The bustling world of American yoga is abuzz with the inevitable sex scandal. John Friend, founder of Anusara Yoga, has admitted to numerous affairs with female students, some of whom were married. Because Friend is probably the best-known yoga teacher in America and the most successful yoga entrepreneur, the upheaval has attracted a good deal of attention. Some of the commentaries, predictably, are salacious and gossipy. Others have been thoughtful explorations of how yoga institutions ought to address the familiar issue of consensual sex where disparities of power and authority exist. Some of the discussion, however, has contained misleading and erroneous observations that need to be addressed.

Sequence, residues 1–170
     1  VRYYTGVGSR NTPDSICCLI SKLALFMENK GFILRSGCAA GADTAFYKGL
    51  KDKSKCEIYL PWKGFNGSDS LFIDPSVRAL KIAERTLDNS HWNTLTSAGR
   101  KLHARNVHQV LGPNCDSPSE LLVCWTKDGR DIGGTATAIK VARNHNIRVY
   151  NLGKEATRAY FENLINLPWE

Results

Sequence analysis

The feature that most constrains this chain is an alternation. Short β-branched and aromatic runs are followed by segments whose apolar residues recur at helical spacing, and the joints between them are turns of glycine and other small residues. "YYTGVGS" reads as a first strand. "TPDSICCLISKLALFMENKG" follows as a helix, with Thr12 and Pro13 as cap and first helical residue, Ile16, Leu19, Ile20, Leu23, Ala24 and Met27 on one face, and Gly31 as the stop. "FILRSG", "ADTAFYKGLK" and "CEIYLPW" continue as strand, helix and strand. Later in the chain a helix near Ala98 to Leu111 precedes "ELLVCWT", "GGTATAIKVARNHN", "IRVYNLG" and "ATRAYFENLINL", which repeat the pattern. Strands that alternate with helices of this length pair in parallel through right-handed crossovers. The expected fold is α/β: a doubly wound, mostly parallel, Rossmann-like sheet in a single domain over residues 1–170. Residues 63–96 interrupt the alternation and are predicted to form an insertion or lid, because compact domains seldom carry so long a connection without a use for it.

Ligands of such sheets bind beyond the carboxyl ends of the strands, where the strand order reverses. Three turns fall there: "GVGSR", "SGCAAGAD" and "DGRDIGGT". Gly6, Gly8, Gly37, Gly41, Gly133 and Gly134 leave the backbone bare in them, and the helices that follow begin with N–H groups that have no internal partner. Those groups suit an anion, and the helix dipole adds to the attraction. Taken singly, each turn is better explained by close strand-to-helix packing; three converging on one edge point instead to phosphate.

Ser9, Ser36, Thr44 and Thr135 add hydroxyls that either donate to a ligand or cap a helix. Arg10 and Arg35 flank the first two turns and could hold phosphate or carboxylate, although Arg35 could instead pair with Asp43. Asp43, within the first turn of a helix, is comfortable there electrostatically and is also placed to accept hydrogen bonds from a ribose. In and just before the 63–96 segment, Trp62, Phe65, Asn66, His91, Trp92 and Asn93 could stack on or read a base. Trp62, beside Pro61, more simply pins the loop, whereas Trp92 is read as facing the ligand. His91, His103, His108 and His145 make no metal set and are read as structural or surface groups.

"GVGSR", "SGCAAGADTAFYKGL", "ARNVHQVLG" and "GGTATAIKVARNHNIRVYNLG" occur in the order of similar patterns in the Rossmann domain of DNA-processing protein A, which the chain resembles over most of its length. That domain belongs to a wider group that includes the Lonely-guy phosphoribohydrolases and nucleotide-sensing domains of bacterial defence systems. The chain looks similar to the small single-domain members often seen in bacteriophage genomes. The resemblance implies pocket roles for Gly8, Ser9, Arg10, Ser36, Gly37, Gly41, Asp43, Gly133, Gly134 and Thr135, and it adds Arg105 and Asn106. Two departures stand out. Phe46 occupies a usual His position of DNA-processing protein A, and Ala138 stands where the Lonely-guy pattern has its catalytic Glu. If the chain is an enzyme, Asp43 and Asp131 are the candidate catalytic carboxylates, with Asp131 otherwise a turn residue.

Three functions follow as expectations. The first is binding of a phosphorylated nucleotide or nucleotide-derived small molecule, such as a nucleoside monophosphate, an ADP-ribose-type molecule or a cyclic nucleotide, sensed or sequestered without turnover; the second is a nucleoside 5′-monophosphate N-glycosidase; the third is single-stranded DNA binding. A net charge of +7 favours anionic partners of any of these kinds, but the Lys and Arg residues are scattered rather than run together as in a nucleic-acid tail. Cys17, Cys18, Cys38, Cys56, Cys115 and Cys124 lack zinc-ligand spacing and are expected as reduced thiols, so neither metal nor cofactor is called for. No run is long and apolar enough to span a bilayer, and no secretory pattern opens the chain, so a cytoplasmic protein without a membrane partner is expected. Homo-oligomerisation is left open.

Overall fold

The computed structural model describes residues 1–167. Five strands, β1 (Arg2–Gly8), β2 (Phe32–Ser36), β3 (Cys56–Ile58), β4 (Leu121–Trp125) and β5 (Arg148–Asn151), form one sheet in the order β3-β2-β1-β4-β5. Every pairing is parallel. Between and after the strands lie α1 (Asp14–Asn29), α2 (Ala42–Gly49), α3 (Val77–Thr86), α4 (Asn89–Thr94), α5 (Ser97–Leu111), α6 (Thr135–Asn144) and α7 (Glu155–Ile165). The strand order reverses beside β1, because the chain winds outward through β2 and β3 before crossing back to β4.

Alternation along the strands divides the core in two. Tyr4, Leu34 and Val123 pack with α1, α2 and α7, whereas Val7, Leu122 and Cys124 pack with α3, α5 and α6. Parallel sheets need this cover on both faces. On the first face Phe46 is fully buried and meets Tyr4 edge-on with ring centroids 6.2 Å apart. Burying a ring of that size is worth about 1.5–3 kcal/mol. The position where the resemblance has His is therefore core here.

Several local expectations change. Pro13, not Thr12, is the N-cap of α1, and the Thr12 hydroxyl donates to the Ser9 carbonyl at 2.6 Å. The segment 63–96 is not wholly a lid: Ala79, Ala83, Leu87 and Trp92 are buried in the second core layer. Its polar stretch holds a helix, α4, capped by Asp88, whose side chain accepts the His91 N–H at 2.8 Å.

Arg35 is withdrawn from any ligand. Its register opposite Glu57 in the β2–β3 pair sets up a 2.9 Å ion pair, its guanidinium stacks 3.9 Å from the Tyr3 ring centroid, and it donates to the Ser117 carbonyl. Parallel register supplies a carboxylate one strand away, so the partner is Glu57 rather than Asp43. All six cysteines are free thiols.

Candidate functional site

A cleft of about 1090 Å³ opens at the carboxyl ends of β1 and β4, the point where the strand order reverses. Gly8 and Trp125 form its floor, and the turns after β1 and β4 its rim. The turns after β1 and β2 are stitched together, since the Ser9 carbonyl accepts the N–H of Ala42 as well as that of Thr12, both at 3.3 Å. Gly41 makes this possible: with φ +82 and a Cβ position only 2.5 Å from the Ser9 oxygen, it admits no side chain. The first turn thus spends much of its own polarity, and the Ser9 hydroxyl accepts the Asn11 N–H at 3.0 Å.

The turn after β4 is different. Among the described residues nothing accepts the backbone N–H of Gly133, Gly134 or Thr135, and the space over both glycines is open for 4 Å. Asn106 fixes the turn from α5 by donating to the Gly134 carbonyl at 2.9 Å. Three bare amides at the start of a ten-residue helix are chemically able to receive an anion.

Some writers, notably William Broad in the New York Times, have compared the Friend/Anusara upheaval to the scandals that rocked the world of several gurus in the post-60s era. One can understand why the comparisons are made; the situations have in common clandestine sexual liaisons between a male authority figure and women of subordinate status. They also have in common a spiritual context. While Anusara is a leading brand in a major industry, the industry is not exactly software or automobiles. Nor are yoga teaching institutions the same as universities or, for that matter, medical clinics. Despite the unfortunate tendency to reduce yoga to a health and fitness discipline, it is also a spiritual tradition, and John Friend, to his credit, is one of the teachers who emphasized that. For those reasons, Anusara is not just any old business, and John Friend is not just another boss caught with his pants down.